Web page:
Seton Hall Student Government Association at-large senator, Ronald Babiak announced that he is currently attempting to amend the SGA constitution to add an Ethics Committee.
According to the sophomore from there the committee would inquire about possible breaches of the code by SGA senators and executive board members.
The Ethics Committee will also recommend to the Senate Speaker a directive of rectification, which is a suggestion based on the committee’s findings on how to move forward with possible written warnings, punishments and in the most egregious cases, expulsion.
It would be up to the Senate Speaker and Senate Leadership on how to proceed but it is important that this committee is given the responsibility to inquire and collaborate on an unbiased and fair solution to any ethical troubles that may come in the future.
Babiak’s goal to create change around campus is another one of the latest student attempts at pushing for a committee of some sort.
The Concerned 44, an initiative that garnered attention from professors, students and local staff members alike, pushed for a student review board among the demands they issued to the Provost.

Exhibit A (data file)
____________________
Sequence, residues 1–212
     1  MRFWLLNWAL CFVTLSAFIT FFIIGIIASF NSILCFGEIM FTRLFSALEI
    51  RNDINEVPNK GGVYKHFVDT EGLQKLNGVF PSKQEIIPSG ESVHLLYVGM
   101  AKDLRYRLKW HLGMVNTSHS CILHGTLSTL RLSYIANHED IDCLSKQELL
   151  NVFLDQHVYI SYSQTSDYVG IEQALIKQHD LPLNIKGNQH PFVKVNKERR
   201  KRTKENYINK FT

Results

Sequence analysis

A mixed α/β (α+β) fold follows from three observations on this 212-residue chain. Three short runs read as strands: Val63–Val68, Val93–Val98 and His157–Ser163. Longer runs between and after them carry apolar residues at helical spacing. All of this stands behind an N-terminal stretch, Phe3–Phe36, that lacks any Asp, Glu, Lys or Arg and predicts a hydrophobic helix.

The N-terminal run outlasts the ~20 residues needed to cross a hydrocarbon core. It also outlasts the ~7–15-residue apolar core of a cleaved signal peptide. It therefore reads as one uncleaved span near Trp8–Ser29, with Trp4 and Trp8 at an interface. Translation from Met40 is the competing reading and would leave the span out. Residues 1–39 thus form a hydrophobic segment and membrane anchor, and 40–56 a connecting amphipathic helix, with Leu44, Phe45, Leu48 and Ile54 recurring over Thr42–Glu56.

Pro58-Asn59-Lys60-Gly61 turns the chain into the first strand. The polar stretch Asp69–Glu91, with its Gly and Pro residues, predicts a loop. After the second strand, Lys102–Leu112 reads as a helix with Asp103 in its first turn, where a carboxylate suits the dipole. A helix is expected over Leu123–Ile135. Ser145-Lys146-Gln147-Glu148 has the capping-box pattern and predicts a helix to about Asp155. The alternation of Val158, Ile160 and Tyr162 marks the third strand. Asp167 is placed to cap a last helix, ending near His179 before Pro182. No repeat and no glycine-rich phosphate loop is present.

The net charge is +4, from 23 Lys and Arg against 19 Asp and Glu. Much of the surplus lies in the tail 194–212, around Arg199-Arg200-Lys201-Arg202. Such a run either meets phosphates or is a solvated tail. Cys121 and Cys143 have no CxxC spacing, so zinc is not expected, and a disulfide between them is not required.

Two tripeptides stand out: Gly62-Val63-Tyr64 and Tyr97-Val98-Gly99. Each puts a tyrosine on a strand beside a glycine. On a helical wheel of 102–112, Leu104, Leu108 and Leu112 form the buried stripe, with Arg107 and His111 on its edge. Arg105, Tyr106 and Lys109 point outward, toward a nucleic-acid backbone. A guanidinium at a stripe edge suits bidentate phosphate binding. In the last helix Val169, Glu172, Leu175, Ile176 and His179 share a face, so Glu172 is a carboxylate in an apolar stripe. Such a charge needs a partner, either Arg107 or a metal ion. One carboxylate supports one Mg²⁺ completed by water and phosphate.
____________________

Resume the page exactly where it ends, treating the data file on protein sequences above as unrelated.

Following the protest earlier this month, interim president Mary Meehan told The Setonian about her willingness to work with students. “I look forward to continued dialogue and action steps that result in an even more effective learning experience for all of our students,” Meehan said. “Our resources are limited, but we are committed to strengthening our academic offerings within the structure of our shared governance.”
Although Babiak’s cause is not associated with that of the Concerned 44, the results of the protests reflect the positive possibility of an Ethics Committee being approved. Meehan statement is in line with things that can be more effective for the student body, which an Ethics Committee can fulfill, according to Babiak.
“My motivation to draft this legislation for the committee creation was to provide members of SGA with ethical guidelines that we could all agree on, so that we know how to truly act in a manner becoming and fulfill our constitutional oath of office without any question about if any of our individual actions might impede us from doing so in the eyes of Senate Leadership, the executive board, or our SGA Advisor,” Babiak said. “Since it says in the oath we take ‘to act in a manner becoming of an officer of SGA’ and many senators including myself have struggled with how to exactly do that at times because it is so vague, you could potentially be in violation of your oath without even knowing it.
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